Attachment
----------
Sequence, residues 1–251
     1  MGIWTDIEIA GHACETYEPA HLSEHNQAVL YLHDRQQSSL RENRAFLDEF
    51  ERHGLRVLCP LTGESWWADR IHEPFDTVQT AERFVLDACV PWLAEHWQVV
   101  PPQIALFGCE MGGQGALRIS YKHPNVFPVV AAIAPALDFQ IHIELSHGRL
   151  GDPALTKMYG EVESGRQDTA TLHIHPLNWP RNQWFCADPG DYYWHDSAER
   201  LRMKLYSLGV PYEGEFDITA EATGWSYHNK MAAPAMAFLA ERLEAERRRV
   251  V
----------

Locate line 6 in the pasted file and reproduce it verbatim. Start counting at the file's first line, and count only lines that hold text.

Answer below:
   201  LRMKLYSLGV PYEGEFDITA EATGWSYHNK MAAPAMAFLA ERLEAERRRV